The patient was admitted to the hospital for IV acyclovir therapy, 800 mg every 8 hours, with moderate, but incomplete resolution of his corneal disease after 2 weeks of therapy (Figure 2, B). Treatment was changed to IV foscarnet sodium, 3.7 g every 8 hours, with dramatic resolution of the pain and pseudodendrites (Figure 2, C). After 17 days of therapy, however, the foscarnet was discontinued because of unexplained fevers, elevated liver function test results, and granulocytopenia. Oral acyclovir, 800 mg 5 times daily, was resumed, but within 3 weeks the pseudodendrites had returned much more extensively than before (Figure 2, D). Recombinant human interferon alfa-2a was administered topically 4 times daily, but without improvement in signs or symptoms. All therapy was stopped for 24 hours, and the pseudodendrites were scraped for laboratory examination. Direct immunofluorescent antibody staining of the tissue was positive for VZV antigen and negative for HSV antigen. Giemsa staining of the tissue revealed multinucleated giant cells. The patient's pain became worse after debridement, and within 1 week the pseudodendrites had returned. Topical 10% acetylcysteine and oral sorivudine, 40 mg/d, had no obvious effect on signs or symptoms of the persistent keratitis. Pain control was achieved with systemic morphine sulfate and topical Hess drops until the patient died 14 months after the initial onset of the pseudodendrites.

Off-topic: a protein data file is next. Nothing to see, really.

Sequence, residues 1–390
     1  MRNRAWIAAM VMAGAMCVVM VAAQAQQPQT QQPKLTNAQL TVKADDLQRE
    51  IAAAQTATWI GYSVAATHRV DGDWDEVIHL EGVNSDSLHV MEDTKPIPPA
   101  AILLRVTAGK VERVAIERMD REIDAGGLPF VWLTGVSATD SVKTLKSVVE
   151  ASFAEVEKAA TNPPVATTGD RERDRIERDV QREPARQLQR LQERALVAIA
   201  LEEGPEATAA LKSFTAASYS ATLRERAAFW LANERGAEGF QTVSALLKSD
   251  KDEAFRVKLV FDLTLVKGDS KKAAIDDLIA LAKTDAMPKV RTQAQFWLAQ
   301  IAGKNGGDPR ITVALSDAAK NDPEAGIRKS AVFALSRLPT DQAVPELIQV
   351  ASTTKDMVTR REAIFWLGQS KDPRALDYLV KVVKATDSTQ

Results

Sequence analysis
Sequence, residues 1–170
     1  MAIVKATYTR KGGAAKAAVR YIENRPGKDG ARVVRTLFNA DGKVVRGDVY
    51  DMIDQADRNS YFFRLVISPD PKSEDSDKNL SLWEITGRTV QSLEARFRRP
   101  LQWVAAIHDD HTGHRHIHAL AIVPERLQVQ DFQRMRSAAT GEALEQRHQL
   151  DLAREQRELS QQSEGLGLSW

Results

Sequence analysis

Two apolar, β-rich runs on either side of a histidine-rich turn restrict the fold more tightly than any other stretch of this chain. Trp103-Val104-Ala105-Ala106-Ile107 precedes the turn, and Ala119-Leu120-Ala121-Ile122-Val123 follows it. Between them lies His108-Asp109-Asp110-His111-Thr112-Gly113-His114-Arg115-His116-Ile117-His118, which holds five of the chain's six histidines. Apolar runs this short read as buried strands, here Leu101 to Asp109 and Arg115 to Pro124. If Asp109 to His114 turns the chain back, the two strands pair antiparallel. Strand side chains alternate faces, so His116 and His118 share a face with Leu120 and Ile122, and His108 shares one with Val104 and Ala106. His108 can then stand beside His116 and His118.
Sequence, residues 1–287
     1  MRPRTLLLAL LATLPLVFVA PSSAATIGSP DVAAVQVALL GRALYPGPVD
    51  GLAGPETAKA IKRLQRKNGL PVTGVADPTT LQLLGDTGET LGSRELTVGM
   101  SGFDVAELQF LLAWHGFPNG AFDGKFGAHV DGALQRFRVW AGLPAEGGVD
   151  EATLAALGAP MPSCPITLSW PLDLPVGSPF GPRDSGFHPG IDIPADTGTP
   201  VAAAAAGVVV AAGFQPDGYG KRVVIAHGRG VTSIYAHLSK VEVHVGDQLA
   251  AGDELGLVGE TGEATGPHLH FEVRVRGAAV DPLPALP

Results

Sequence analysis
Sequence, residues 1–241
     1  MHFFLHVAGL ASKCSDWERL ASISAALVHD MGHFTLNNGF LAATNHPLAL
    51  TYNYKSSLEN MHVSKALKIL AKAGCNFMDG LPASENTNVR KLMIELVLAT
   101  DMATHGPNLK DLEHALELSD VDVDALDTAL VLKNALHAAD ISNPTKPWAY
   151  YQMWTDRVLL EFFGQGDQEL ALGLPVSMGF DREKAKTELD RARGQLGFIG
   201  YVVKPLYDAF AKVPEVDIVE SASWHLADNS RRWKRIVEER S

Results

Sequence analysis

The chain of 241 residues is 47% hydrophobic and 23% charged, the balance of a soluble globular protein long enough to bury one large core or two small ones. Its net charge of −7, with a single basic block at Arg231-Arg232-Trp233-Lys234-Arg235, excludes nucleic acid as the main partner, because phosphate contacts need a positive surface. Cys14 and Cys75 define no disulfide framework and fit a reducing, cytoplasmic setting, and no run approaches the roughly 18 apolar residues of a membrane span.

The clinical and laboratory features of 16 patients with AIDS and chronic epithelial keratitis associated with VZV are summarized in Table 1.
All patients were men, ranging in age from 25 to 65 years (median, 36 years). CD4+ T-lymphocyte cell counts were available in 11 patients and ranged from 0 to 0.094×109/L (median, 0.034×109/L).
There was a history of VZV infection in 15 of the 16 patients. Fourteen patients had cutaneous herpes zoster. Eight patients had herpes zoster ophthalmicus that began between 1 and 3 months before development of the keratitis. One patient had an episode of herpes zoster ophthalmicus 6 years before keratitis. In 1 additional patient, the onset of dendriform keratitis occurred concurrently with active herpes zoster ophthalmicus. Two patients had thoracic herpes zoster preceding the keratitis by 1 month and 18 months. One patient had primary VZV infection (chickenpox) 8 months before developing the keratitis. Two patients had no history of zosteriform rash. Two patients, 1 with and 1 without a history of dermatomal herpes zoster, had progressive outer retinal necrosis syndrome 3 and 8 weeks before developing the dendriform keratitis.